After breakfast, take a drive down to the district of South Kona for a tour of Kona Coffee Living History Farm. Costumed interpreters will ‘talk story’ with you and demonstrate what it was like to live in Kona in the early 20th century. Go back even further in time as you head down to Puʻuhonua o Honaunau National Historical Park, also known as the City of Refuge. Learn how ancient Hawaiians lived from park rangers, who will take you on a guided tour.

In the evening, sign up for a night time Manta Ray snorkel tour at one of Manta Village or Manta Heaven. If you prefer to stay dry, Body Glove Cruises offers an award-winning Historical Dinner Cruise. This 3-hour, narrated cruise serves up a delicious meal while you learn all about the history of the Kona coast.

Day 3: Head North

From Kona, drive north on Hwy 19 toward Hwy 250 and Pololū Valley Lookout. Stop in the quaint, artists’ haven of Hawi and browse the eclectic galleries and boutiques. After working up an appetite, grab some lunch at the homey Bamboo Restaurant or indulge in some of the best sushi on the island at Sushi Rock (they have great sake drinks, too).

Pololū Valley Lookout on the Big Island, Hawaii.

Continue driving north until you reach the end of the road at the jaw-dropping Pololū Valley Lookout. It’s a short but steep hike down to the valley and a beautiful black sand beach. Don’t forget your camera for this leg of your journey. If you’ve never had your breath taken away by sheer beauty, that is about to change.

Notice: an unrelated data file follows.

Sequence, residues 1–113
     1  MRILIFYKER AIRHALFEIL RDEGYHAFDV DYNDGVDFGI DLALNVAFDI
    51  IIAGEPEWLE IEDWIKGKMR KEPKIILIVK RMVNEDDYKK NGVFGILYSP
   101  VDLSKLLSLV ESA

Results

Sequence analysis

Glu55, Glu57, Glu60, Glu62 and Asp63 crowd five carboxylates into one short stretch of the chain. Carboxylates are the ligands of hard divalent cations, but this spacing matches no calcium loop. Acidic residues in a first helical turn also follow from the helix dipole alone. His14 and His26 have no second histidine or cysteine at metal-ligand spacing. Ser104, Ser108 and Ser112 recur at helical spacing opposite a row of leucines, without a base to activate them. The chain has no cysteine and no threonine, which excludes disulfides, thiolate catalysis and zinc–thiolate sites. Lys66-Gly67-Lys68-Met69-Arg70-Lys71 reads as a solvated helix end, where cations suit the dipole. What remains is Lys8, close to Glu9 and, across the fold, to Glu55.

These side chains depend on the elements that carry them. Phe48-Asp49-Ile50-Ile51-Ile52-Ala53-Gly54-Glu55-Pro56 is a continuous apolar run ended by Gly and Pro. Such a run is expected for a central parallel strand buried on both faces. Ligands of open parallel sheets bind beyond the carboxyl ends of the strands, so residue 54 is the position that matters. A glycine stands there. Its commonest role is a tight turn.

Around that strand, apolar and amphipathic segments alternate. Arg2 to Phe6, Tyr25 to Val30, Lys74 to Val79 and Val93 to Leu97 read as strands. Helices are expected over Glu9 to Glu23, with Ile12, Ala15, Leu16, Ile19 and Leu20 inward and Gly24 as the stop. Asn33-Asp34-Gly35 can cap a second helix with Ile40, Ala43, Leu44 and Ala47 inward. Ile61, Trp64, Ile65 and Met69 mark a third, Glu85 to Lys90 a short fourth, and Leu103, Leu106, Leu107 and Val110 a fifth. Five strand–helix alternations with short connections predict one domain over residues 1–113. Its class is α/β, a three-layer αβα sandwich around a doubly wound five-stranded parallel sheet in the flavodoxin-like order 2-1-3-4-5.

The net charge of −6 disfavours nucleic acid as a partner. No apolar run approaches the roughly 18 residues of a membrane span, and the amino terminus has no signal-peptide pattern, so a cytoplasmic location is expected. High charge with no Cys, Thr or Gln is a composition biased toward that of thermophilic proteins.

If you still have energy to burn after the gorgeous Pololū Valley hike, explore the paniolo (Hawaiian cowboy) town of Waimea, also called Kamuela. Famous for its vibrant green rolling hills and working cattle ranches, this quaint town is steeped in history. Parker Ranch is the largest cattle ranch in the United States. Pay a visit to the Parker Ranch Museum for a little history lesson before visiting one of the locally renowned restaurants such as Merriman’s, Redwater Café, or Fish & Hog.

Day 4: Cruise the Coastline

Head east from Waimea toward the Hāmākua Coast and take in the magnificent view of Waipiʻo Valley. Located at the end of the Hāmākua Heritage Corridor drive, Waipiʻo is accessible by horseback or guided tour, or you can choose to kick back and enjoy the view from the overlook.

Lava flows and the Milky Way on the Big Island, Hawaii.

Afterward, visit the historic town of Honokaʻa and browse the galleries and local shops. Satisfy your sweet tooth at Tex Drive-In with a freshly baked malasada (Portuguese donut), but save room for lunch because the tiny town if Pa‘auilo is just around the corner and is home to the Hawaiian Vanilla Company. The only vanilla farm in the United States, they serve up creative, vanilla-infused dishes at lunch Monday through Friday and it’s worth every penny. After lunch, you’ll be treated to a tour of the vanilla farm where you’ll learn how the delicate vanilla orchid is grown.

Day 5: Hilo Town